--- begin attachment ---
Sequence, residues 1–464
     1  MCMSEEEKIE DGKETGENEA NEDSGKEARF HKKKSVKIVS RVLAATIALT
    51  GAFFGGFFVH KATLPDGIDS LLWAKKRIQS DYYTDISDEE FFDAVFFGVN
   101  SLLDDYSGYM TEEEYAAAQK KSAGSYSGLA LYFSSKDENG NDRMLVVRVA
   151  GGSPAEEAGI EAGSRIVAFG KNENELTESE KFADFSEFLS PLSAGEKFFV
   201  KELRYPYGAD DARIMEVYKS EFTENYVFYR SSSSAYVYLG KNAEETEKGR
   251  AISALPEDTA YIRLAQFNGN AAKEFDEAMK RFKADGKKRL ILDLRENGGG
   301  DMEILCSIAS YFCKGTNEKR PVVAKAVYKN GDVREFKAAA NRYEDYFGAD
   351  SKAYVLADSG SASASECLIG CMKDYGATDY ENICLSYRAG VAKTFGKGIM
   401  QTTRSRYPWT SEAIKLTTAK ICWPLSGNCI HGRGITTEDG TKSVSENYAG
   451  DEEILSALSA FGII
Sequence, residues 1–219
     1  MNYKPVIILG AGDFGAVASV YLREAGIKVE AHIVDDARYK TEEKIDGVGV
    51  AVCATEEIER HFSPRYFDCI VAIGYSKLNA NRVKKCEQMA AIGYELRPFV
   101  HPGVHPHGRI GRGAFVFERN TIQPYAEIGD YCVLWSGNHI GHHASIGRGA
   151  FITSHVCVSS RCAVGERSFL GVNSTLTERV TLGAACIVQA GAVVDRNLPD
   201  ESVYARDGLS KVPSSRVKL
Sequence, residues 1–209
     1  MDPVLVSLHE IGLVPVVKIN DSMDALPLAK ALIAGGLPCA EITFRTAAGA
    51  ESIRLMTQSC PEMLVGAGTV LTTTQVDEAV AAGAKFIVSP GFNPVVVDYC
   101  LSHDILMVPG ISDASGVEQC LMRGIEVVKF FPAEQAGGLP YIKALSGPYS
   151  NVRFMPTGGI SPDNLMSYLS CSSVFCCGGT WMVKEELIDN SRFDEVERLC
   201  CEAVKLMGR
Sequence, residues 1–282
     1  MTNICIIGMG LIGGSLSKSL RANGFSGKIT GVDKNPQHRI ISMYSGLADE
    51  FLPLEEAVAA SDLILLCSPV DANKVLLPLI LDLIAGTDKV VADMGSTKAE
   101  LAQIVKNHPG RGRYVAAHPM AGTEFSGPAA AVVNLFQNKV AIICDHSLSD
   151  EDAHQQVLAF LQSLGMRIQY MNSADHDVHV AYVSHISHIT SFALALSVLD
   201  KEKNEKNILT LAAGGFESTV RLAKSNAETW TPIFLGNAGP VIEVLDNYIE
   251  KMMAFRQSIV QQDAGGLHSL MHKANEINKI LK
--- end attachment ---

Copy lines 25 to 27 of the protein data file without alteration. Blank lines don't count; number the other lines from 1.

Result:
     1  MTNICIIGMG LIGGSLSKSL RANGFSGKIT GVDKNPQHRI ISMYSGLADE
    51  FLPLEEAVAA SDLILLCSPV DANKVLLPLI LDLIAGTDKV VADMGSTKAE
   101  LAQIVKNHPG RGRYVAAHPM AGTEFSGPAA AVVNLFQNKV AIICDHSLSD